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Critics urge Congress to curtail secrets privilege

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Feb. 4, 2008  ·   The House Subcommittee on the Constitution, Civil Rights, and Civil Liberties held an oversight hearing…

Feb. 4, 2008  ·   The House Subcommittee on the Constitution, Civil Rights, and Civil Liberties held an oversight hearing Jan. 29 to discuss reforming the state secrets privilege, which allows the government to prevent public disclosure of testimony and materials in litigation if such disclosure would reveal information damaging to national security.

Last month, Sen. Edward Kennedy (D-Mass.) and Arlen Specter (R-Pa.) introduced the State Secrets Protection Act (S. 2533), which would allow an independent judge to determine the validity of the government’s claim when the state secrets privilege is invoked. Rep. Jerrold Nadler (D-N.Y.), chairman of the House subcommittee, announced plans to introduce similar legislation shortly.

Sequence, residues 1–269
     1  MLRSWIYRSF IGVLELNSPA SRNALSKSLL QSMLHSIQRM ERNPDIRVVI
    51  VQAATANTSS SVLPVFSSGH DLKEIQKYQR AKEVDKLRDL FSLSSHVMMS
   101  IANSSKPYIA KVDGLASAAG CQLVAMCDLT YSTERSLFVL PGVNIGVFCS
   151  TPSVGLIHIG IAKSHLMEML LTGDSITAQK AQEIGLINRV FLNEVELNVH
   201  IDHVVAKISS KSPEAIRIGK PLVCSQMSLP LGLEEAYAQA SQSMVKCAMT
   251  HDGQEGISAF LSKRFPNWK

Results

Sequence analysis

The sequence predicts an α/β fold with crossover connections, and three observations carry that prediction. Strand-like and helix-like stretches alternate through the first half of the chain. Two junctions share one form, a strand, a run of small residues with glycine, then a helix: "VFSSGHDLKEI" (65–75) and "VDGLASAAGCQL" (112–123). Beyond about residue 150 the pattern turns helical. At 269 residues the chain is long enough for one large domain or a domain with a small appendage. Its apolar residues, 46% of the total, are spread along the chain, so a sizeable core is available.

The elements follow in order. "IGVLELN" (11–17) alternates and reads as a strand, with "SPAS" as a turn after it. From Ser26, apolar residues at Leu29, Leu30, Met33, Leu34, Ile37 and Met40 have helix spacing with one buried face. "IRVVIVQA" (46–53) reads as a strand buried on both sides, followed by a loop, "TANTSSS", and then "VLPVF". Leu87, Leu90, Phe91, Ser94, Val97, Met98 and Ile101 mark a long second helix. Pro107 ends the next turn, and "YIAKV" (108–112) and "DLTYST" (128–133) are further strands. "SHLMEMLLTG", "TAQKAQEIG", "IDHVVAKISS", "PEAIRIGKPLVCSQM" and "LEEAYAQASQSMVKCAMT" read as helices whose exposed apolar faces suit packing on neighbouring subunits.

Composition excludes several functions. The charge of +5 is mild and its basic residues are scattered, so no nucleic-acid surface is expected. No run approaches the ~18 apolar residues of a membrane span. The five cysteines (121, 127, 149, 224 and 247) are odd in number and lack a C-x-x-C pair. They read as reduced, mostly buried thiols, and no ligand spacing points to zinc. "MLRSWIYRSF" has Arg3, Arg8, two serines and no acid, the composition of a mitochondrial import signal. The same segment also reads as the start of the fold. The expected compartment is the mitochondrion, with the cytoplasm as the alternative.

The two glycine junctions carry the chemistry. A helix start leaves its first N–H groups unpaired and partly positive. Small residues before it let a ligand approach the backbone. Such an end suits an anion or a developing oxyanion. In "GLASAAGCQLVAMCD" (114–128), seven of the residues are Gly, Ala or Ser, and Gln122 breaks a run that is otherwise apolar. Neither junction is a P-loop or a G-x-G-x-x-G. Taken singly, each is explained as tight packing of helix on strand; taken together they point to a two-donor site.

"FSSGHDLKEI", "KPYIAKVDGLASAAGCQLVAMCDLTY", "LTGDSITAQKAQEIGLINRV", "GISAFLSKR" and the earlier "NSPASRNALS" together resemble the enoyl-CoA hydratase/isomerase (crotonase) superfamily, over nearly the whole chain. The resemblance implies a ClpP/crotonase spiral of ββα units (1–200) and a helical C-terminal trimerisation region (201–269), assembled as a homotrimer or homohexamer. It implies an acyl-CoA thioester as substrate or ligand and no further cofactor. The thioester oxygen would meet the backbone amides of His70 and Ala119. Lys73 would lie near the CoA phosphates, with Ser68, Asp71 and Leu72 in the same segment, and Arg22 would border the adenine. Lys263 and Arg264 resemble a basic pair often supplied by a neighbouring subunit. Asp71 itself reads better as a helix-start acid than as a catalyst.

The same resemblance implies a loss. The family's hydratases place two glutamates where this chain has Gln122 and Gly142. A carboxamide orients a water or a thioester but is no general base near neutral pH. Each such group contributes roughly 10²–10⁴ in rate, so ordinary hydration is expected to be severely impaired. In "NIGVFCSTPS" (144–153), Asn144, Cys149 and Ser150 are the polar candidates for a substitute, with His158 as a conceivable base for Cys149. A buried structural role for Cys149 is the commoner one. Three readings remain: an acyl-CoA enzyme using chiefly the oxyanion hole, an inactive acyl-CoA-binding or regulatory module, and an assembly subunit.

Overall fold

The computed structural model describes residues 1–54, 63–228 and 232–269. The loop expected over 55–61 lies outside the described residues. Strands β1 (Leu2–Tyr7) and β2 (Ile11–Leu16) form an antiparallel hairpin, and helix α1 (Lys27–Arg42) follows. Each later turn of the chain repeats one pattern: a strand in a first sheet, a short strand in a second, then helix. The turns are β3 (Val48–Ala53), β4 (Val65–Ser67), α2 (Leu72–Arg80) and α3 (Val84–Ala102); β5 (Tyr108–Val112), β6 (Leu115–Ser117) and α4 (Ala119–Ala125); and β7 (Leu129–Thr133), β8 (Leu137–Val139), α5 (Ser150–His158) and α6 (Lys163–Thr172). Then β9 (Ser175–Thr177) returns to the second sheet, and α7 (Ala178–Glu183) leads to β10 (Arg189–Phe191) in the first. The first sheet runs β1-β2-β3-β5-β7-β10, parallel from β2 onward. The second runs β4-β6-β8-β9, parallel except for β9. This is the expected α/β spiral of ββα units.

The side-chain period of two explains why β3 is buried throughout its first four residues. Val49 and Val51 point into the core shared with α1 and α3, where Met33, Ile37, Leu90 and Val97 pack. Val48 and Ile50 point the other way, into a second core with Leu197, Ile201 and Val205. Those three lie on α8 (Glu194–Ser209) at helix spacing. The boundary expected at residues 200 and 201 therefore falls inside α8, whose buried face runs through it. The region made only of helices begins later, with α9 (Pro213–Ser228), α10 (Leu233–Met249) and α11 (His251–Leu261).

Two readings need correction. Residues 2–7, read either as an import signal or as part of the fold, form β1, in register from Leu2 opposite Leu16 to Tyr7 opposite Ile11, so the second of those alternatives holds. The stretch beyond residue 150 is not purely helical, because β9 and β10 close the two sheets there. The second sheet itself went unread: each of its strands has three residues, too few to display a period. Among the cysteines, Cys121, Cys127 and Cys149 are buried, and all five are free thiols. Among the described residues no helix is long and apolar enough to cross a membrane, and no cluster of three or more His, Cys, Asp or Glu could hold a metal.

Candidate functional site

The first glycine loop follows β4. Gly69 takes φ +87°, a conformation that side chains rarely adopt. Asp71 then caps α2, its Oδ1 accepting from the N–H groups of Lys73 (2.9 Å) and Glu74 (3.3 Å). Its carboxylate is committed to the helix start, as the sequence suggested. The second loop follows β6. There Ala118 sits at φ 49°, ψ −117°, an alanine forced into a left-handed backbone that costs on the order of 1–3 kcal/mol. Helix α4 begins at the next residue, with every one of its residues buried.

“When used properly, the state secrets privilege protects vital national security interests,” Nadler said. “However, in recent years, the state secrets privilege has been expanded to not only to produce arguably unfair results by preventing disclosure of specific items of evidence but also has been used to block litigation altogether and prevent any examination of challenged government activity.”

The central issue before the committee was whether the executive branch used this privilege to protect national security or to cover up potentially embarrassing or illegal activities.

Almost all the witnesses agreed that Congress ought to establish a code of standards and procedures to prevent cases from being dismissed based solely on the privilege.

“More searching judicial review, informed by evidence, would ensure that government assertions of necessity are truly warranted and not simply a means to avoid embarrassment or accountability,” explained Thomas Wells Jr., president-elect of the American Bar Association. In his testimony, he made specific recommendations that would streamline how alleged state secrets can be handled in litigation, without requiring a case to be dismissed.

Alanna Malone & Alison Schmidt


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